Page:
Padmasana, aka: Padma-asana, Padmāsana; 5 Definition(s)
Padmasana means something in Hinduism, Sanskrit. If you want to know the exact meaning, history, etymology or English translation of this term then check out the descriptions on this page. Add your comment or reference to a book if you want to contribute to this summary article.
Padmasana (padma-asana)—The lotus position. The feet are crossed, the toes are placed in the groin. This is the position of deep meditation.Source: Google Books: The Book of Hindu Imagery: Gods, Manifestations and Their Meaning
In the Padmāsana (पद्मासन) the two legs are kept crossed so that the feet are brought to rest upon the thighs. When used as a pītha (seat or pedestal), this Āsana should be used as the seat for the image during the conduct of worship, according to the Suprabhedāgama. According to the Candrajñānāgama, the seat is of a circular shape. The height of the Padmāsana consists of sixteen parts, of which two form the thickness of the lowest layer, five make up the lower lotus, two the intervening neck, and four the pper lotus and two more the uppermost layer.
Padmāsana should always be circular or oval, but never rectangular. In the absence of authoritative information as to its length and breadth, it is left to the sculptor to choose them so as to suit his purpose.Source: Google Books: Elements of Hindu iconography
Padmāsana (पद्मासन).—Both legs crossed in Padmāsana (lotus posture) indicate a state of transcendence with a potential for manifestation.Source: Red Zambala: Hindu Icons and Symbols | Introduction
Śilpaśāstra (शिल्पशास्त्र, shilpa-shastra) represents the ancient Indian science of creative arts such as sculpture, iconography and painting. Closely related to Vāstuśāstra (architecture), they often share the same literature.
Padmāsana (पद्मासन).—A kind of āsana in yoga, once practised by Paraśurāma; of Kapila.*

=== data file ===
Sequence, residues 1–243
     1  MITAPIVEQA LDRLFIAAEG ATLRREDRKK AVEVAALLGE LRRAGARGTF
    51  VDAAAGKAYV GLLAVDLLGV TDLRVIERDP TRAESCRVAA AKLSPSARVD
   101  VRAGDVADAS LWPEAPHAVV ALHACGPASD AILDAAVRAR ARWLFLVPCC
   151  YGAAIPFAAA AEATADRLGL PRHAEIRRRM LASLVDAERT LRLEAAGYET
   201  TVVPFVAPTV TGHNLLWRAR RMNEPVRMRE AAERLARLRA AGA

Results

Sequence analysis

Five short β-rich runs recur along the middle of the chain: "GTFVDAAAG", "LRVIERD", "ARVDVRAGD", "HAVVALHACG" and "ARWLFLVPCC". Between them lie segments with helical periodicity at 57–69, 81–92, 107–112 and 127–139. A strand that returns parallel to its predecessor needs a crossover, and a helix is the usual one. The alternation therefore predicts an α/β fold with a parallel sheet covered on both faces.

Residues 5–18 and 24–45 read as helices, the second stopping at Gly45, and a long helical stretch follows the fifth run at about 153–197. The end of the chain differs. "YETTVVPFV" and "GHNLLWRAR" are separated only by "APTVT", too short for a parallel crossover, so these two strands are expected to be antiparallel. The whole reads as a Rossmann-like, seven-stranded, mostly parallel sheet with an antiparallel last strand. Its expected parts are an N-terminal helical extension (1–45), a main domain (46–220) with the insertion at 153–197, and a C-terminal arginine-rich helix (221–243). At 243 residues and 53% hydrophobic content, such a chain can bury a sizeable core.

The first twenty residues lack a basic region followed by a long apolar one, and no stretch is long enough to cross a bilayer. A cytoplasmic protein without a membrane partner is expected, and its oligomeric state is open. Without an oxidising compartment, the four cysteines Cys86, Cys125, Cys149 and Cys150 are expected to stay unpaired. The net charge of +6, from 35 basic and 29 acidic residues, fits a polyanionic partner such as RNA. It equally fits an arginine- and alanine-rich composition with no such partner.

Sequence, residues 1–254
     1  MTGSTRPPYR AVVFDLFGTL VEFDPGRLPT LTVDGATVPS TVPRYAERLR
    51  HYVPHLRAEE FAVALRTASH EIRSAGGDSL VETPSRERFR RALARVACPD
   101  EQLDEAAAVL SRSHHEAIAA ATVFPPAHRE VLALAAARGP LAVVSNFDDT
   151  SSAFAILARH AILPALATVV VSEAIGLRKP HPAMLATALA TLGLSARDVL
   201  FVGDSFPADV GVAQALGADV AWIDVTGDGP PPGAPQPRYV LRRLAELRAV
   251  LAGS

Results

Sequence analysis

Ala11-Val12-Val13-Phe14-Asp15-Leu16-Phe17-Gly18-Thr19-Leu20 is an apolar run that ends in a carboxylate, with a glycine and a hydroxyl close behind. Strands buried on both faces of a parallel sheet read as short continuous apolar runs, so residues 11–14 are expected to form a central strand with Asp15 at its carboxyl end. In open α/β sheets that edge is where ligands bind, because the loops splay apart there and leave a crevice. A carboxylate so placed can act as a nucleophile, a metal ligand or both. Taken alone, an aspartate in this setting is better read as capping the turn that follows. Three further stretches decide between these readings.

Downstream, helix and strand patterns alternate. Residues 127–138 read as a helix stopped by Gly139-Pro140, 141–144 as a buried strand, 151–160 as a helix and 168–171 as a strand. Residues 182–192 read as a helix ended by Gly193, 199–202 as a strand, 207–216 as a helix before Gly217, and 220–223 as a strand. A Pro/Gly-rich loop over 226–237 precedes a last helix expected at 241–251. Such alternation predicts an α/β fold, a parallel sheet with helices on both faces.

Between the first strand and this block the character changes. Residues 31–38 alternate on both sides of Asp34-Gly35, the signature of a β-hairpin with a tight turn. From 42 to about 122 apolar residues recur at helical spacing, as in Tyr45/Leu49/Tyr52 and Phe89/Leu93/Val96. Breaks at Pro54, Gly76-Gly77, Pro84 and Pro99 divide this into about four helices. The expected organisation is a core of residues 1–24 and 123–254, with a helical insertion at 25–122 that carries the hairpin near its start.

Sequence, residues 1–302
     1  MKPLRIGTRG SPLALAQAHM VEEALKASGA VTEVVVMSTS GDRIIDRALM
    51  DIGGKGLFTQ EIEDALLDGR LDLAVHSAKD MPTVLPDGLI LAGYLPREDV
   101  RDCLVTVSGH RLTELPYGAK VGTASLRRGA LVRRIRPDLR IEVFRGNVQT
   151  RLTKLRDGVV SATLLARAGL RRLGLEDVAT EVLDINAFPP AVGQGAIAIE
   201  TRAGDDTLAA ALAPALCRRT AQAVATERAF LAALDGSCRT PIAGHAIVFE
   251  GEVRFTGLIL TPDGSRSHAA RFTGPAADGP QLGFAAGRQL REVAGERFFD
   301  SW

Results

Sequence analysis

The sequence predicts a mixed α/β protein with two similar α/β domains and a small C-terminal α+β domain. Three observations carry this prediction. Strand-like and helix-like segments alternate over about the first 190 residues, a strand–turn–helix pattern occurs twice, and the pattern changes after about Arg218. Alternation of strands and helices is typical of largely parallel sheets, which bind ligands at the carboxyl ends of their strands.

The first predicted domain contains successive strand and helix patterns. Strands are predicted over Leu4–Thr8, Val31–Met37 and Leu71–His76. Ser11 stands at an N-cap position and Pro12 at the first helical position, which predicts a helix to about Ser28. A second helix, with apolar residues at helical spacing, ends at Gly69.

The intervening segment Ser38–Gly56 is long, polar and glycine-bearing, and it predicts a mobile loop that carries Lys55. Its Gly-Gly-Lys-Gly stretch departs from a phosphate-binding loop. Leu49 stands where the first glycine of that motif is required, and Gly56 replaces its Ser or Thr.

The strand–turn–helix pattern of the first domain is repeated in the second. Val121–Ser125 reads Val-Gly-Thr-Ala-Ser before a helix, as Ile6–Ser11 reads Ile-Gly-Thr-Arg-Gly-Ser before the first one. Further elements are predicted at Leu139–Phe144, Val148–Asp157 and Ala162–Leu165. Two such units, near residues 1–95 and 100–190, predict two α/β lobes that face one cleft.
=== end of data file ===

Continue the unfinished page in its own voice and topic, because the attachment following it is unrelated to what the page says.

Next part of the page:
- * Brahmāṇḍa-purāṇa III. 24. 16; 53. 17.
The Purāṇas (पुराण, purana) refers to Sanskrit literature preserving ancient India’s vast cultural history, including historical legends, religious ceremonies, various arts and sciences. The eighteen mahāpurāṇas total over 400,000 ślokas (metrical couplets) and date to at least several centuries BCE.
Śaivism (Śaiva philosophy)
Padmāsana (पद्मासन) is one of five pedestals that makes up the Śivāsana, unto which Śiva is installed and invoked during the ritualistic process of śivārcana, according to the Sakalāgamasāra-saṃgraha. In the process of invocation (āvāhana) Lord Śiva is contemplated as seated on Yogāsana: “in the process of offering of flowers (arcana) he is meditated upon as seated on padmāsana”. This particular āsana is associated with the shape of a circle and is connected with the element Air.Source: Wisdom Library: Śaivism
Śaiva (शैव, shaiva) or Śaivism (shaivism) represents a tradition of Hinduism worshipping Śiva as the supreme being. Closeley related to Śāktism, Śaiva literature includes a range of scriptures, including tantras, while the root of this tradition may be traced back to the ancient Vedas.
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Siṃhāsana (सिंहासन) is one of five pedestals that makes up the Śivāsana, unto which Śiva is ins...
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Yogāsana (योगासन) is one of five pedestals that makes up the Śivāsana, unto which Śiva is insta...
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Ardhabaddhapadmapaścimottānāsana (अर्धबद्धपद्मपश्चिमोत्तानासन, “half-bound lotus-back ...
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Search found books containing Padmasana, Padma-asana or Padmāsana. You can also click to the full overview containing English textual excerpts. Below are direct links for the most relevant articles:
Later Chola Temples (by S. R. Balasubrahmanyam)
Trishashti Shalaka Purusha Caritra (by Helen M. Johnson)
The Mirror of Gesture (abhinaya-darpana) (by Nandikeshvara)
Yoga Vasistha Volume 2, Part I (by Vālmīki)
Chapter LXXXVI - Story of Indu and His Sons < [Book III - Utpatti Khanda (Utpatti Khaṇḍa)]
Yoga Vasistha Volume 1 (by Vālmīki)
Chapter V - Of Rāma’s Self-dejection and its Cause < [Book I - Vairagya Khanda (Vairāgya Khaṇḍa)]
Chapter X - Melancholy of Rāma < [Book I - Vairagya Khanda (Vairāgya Khaṇḍa)]
Chapter XLI - Discrimination of Error < [Book III - Utpatti Khanda (Utpatti Khaṇḍa)]
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